The phosphatidylinositol 3-kinase (PI3K)/AKT pathway plays important roles in regulating cell motility. TSC2, a downstream target of AKT, is a central player in negatively controlling cell proliferation and protein translation through suppressing the activity of mTOR (mammalian target of rapamycin). However, the function of TSC2 in regulating cell migration remains unclear. Here, we show that TSC2 plays a critical role in the control of cell spreading, polarity, and migration. TSC2-deficient fibroblast cells were impaired in their ability to spread and alter actin cytoskeleton upon stimulation with insulin-like growth factor-1. Using scratch-induced polarization assay, we demonstrate that TSC2(-/-) fibroblast cells polarized poorly toward the wound compared with wild-type cells. Similarly, knockdown of TSC2 expression in colon cancer cells resulted in a marked decrease in cell motility. Functionally, the activation of CDC42- and RAC1-GTPase was largely reduced in TSC2 knock-out fibroblast and TSC2 knockdown cancer cells. Furthermore, overexpression of an activating p110α mutant or short term rapamycin treatment rescued the cell polarization defect in TSC2(-/-) fibroblast cells. Concurrently, the activation of CDC42 and RAC1 increased. The defect in cell migration and CDC42 and RAC1 activation was reversed by reintroducing TSC2 back into TSC2(-/-) fibroblast cells. Taken together, we identified a novel role of TSC2 in controlling cell polarity and migration by regulating CDC42 and RAC1 activation.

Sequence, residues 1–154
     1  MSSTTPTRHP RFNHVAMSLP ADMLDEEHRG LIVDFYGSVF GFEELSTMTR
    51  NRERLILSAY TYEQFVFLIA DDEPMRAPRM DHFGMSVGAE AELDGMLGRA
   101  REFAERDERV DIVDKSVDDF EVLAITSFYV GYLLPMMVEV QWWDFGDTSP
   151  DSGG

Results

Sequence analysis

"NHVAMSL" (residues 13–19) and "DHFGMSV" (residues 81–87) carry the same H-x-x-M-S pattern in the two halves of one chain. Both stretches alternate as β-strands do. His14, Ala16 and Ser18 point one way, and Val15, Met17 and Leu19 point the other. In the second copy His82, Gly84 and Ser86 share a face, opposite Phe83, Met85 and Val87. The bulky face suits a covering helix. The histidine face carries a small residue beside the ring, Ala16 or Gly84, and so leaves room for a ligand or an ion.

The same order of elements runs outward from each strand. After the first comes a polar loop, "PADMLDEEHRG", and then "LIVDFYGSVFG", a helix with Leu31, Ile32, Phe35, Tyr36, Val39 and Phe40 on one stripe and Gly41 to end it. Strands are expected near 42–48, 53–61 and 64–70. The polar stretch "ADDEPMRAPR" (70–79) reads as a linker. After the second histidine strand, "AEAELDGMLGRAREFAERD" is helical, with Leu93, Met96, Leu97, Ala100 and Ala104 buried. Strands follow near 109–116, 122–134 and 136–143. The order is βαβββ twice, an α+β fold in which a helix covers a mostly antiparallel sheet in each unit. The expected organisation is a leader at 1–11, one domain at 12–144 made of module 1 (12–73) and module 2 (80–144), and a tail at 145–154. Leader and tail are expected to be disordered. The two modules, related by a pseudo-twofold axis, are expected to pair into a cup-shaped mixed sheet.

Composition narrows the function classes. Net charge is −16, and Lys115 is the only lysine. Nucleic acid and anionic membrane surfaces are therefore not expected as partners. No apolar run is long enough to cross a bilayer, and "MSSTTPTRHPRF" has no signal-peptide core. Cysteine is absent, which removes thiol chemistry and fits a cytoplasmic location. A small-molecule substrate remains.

|Number of pages||12|
|Journal||Journal of Biological Chemistry|
|State||Published - Aug 6 2010|
ASJC Scopus subject areas
- Molecular Biology
- Cell Biology